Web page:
Chinese factory worker Weng Changqing knew he wanted an electric car before he even had his driver’s license.
Living in a small town in eastern China and looking to start a family, he figured the savings on gas and maintenance would allow him to afford to buy his first ride.
He wasn’t in the market for a Tesla Model 3, which starts at about US$38,000 (S$51,000) in China. Instead, the 37-year-old bought a 66,900 yuan (S$13,800) crossover from local electric-vehicle maker Hozon Auto.
It’s one of a growing number of vehicles that run on batteries and electric motors gaining popularity in lower-income parts of the country because of their modest prices and lower running costs. (EVs don’t need oil changes, spark plugs, or the various belts that have to be replaced periodically on gasoline cars.)
Cheap, reliable EVs like Changqing’s have the potential to open car ownership – and the increased mobility that brings – to a whole class of people who previously couldn’t afford to have their own wheels.
Changqing estimates the cost of electricity to charge his car for an entire year to be less than US$400, which would buy only 377 litres of petrol in China – enough to drive about 6,300 kilometres in a 2020 Trumpchi GS3 crossover from Guangzhou Automobile Group.
“These ultracheap EVs are reaching a new customer in China, as they likely will in other markets as prices come down,” says BloombergNEF analyst Siyi Mi. EV prices are on track to reach parity with fossil fuel-powered cars in the next four to six years, at which point annual sales will start to skyrocket, reaching 25 million in 2030, up from about 2 million a year currently, according to BNEF.
This shift could have far-reaching social effects, especially for people living outside city centres and in rural areas where access to public transport is limited, says Selika Talbott, a professorial lecturer at American University in Washington and founding partner of an automotive consulting firm.
Over the past decade, car prices have far outpaced wage growth in the US, leaving the lowest-earning fifth of the population spending as much as 30 per cent of their income on transportation costs. “Taking into account people’s access to transportation, it’s very important to see a greater diversity of models like EVs being offered on the lower end of the price range,” Ms Talbott says.
In China, Hozon Auto’s Neta N01 is one of a slew of low-cost EVs, including the US$8,950 e1 minicar from Warren Buffett-backed BYD. There’s also the SAIC Motor-General Motors joint venture’s Hongguang Mini, which entered the market last year at a base price of just US$4,230 (S$5,700) and quickly became a hit.
In the first half of 2020 the average retail price of an EV, excluding incentives, was US$55,233 in the US, compared with US$29,895 in China, according to automotive research firm Jato Dynamics.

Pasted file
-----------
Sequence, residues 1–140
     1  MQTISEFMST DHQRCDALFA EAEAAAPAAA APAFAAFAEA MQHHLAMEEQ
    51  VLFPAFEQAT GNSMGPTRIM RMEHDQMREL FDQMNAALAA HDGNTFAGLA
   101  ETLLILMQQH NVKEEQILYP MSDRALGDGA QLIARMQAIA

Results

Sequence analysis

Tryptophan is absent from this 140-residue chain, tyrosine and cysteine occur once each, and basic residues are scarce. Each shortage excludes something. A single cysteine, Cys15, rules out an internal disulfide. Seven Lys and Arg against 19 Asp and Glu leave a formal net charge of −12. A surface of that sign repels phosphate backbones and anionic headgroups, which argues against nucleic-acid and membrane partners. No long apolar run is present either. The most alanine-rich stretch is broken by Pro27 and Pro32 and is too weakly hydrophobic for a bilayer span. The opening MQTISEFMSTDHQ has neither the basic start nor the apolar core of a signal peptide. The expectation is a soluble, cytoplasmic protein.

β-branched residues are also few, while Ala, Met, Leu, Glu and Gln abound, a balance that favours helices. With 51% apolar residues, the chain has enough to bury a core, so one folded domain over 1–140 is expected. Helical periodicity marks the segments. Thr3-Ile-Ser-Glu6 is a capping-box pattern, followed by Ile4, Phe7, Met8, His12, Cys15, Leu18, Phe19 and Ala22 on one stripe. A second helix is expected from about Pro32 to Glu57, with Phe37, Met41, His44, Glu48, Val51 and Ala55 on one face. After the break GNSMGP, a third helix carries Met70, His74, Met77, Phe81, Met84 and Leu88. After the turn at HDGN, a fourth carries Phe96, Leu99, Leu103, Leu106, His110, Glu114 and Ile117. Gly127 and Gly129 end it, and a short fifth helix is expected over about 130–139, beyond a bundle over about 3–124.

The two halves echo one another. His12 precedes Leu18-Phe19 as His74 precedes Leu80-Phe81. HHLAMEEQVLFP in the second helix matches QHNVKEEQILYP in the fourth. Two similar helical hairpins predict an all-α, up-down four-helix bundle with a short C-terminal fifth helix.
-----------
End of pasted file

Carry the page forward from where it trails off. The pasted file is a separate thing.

Automakers are able to churn out the mainland’s budget EVs by keeping frills to a minimum in the interior and under the hood. The cars are often only capable of traveling at low speeds. And Changqing’s electric crossover gets about 187 miles per charge – about half the distance of a Tesla Model 3 Long Range.
The low prices allow an increasing number of people – often young, lower-income, and living outside major cities – to buy their first car. These EVs are especially popular in more rural parts of China, where more than 500 million people live but fewer than 1 in 5 have until recently owned a car. Some models are flying off lots at a pace industry executives say they’ve never seen before.
In the month after the Hongguang Mini EV made its debut in July it was the top-selling new-energy vehicle in China, with 15,000 units sold. In September its sales hit more than 20,000, almost double that of Tesla’s Model 3 that month.
Still, a number of obstacles stand in the way of an EV-led democratization of the car market spreading outside regional areas of China. The nation’s low-cost EV industry has benefited from government subsidies and other incentives such as low-interest loans in villages, towns, and smaller cities.
China is also the world’s biggest battery manufacturer, so its EV makers benefit from access to a low-cost supply of the most expensive part of a plug-in vehicle. With automakers and parts suppliers in other countries unable to manufacture at such low costs, they may not be able to offer such affordably priced EVs for some time, BNEF analysts say.
And for the roll-out of electric vehicles to be equitable, there needs to be widespread access to charging facilities, Ms Talbott says. Today, charging stations often end up concentrated in affluent metropolitan areas, and some apartment dwellers without off-street parking don’t have access to at-home charging.
Nonetheless, low-cost EVs have already started to gain traction in many markets over the past five years. A recent study from the Massachusetts Institute of Technology, mapping more than 1,000 cars available in the US on the basis of their total lifetime costs (which include upfront, maintenance, and fueling expenses), shows that Nissan Motor’s electric Leaf – starting at less than US$25,000 for a 2021 model after tax subsidies in the US – is one of the cheapest cars available today.
The study’s head, MIT professor Jessika Trancik, says that in the years since her team began evaluating vehicles in 2016, she’s seen more electric cars, with longer range, falling below the average cost of vehicle lifetime ownership in the US. “There are already EVs on the market that can save consumers money,” she says. “That’s something that’s important for people to know.”